By Bob Wiggins
Having a digital strategy has become an integral part of doing business. Until recently, such a strategy typically included maintaining a Web presence with a dynamic and engaging site, but a website is no longer enough. Consider some recent findings:
- Smartphone penetration is on track to surpass 80 percent of cell phone users in 2014.
- In the past three years, Internet use on smartphones and tablets has nearly doubled the time Americans spend online.
- Half of all local Web searches are made on a mobile device.
Consumers are relying on mobile devices to do more than make phone calls. So why do businesses need to take note? Think about the time and money invested in designing a company website. Then, take a look at that website on a four-inch screen. If the site isn’t compatible with mobile technology, it’s probably difficult to read and navigate, virtually guaranteeing that mobile users will avoid it.
Many small businesses in America offer professional or other services, and potential customers are often searching for their specific service, contact information and location on their mobile phones. From accountants and lawyers to dry cleaners and hair stylists, these businesses don’t necessarily need to sell anything online, but they do need to be discoverable, and to easily provide the customers the information they are looking for on their phones: How do I call you? How do I find you?
To attract and retain customers online, businesses must ensure that their sites are easy to find and search from any device, whether a PC, tablet or smartphone. For customers conducting local searches, finding an address or contact number may be their highest priority. Many restaurants and retailers have learned the importance of a mobile-friendly site, but a surprising number of small businesses have not.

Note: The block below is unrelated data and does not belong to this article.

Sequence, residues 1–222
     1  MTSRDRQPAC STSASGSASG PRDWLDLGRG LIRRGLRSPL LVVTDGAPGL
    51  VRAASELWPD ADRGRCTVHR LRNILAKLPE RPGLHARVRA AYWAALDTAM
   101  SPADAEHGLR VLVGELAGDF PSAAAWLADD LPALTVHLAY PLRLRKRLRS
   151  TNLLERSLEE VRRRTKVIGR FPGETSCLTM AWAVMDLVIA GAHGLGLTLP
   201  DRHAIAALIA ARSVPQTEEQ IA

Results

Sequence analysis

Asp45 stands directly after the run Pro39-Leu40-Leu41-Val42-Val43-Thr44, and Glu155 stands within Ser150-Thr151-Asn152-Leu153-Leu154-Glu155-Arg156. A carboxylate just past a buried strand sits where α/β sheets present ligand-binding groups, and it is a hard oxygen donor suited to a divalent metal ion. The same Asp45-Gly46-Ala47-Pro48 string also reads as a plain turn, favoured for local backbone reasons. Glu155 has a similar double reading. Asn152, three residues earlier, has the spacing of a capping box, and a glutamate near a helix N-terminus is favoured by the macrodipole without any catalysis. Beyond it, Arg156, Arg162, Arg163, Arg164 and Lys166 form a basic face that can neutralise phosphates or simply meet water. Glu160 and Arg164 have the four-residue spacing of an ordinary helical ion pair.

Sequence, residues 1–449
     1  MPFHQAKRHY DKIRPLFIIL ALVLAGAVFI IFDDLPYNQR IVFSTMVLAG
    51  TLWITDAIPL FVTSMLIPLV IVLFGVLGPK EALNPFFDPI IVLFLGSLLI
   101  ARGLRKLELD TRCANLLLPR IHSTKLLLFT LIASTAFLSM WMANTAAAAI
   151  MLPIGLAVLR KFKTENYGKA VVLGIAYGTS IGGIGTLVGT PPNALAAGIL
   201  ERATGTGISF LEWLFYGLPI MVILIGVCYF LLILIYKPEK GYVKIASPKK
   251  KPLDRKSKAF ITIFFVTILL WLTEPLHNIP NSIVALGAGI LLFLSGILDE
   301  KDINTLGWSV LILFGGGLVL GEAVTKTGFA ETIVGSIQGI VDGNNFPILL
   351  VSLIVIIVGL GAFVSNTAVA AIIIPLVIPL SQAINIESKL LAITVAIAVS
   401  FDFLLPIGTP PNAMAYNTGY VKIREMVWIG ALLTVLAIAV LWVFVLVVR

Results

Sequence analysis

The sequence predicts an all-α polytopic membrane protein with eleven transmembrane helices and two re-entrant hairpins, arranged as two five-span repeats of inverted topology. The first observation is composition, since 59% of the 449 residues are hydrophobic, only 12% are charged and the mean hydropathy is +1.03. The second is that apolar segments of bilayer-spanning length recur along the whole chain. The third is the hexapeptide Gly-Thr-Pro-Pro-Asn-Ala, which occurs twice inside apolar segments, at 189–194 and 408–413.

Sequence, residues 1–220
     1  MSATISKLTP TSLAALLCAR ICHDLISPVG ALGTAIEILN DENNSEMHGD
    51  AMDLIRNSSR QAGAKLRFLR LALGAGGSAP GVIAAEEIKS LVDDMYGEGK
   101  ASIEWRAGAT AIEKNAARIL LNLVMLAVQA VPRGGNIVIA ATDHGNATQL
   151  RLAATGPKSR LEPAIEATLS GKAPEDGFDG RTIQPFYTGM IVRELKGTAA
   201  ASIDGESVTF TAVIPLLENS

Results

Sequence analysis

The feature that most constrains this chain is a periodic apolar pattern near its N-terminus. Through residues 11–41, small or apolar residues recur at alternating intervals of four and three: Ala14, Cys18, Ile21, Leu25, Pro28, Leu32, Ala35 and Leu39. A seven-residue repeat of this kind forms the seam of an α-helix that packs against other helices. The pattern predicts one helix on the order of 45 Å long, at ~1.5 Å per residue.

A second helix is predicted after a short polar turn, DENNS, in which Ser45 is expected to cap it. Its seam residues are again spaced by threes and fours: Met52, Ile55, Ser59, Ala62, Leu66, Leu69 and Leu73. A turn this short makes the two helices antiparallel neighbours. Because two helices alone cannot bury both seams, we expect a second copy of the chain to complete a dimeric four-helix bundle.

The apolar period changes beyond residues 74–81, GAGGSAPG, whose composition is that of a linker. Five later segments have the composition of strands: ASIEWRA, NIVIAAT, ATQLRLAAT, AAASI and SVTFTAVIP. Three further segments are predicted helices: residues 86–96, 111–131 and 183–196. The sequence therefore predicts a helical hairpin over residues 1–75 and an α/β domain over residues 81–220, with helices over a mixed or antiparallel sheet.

According to vSplash’s SMB DigitalScape Study, 98 percent of small business websites are not mobile optimized. Often, these ventures have few – if any – employees and may not have the technical knowledge, financial resources or time to address the new digital landscape. Fortunately, they have options.
One potential course of action is to rebuild a website, ensuring consistency across all viewing platforms. However, recreating a site can require a significant amount of time and be an expensive proposition. Depending on the design and functionality, businesses could easily spend into the thousands of dollars.
Another possibility is to take advantage of services that convert a standard desktop website into a mobile site with minimal effort. Generally, business owners submit their website’s URL and wait a brief period for its conversion into a mobile-friendly format. Costs and service providers vary based on the level of customization desired, how much of a site is being converted, and the functionality and complexity required. In some cases, a monthly subscription is charged in addition to an initial set-up fee, incurring ongoing costs.
These services automate the process of creating a professional-looking mobile landing page. Many will carry over your standard website’s existing look and color scheme, as well as its most important information, such as site navigation, address and directions, links to social media platforms, and contact information including click-to-call and email. However, it’s important to be wary of providers that charge ongoing or annual fees, create separate mobile URLs, or won’t share the back-end “code” that you can easily implement yourself.
A recent survey found that almost two-thirds of smartphone users will leave a web site if they don’t find what they are looking for RIGHT AWAY. Often, they just want a phone number and location, so make it simple. Expand a digital strategy to accommodate mobile devices: the success of a business may depend on it.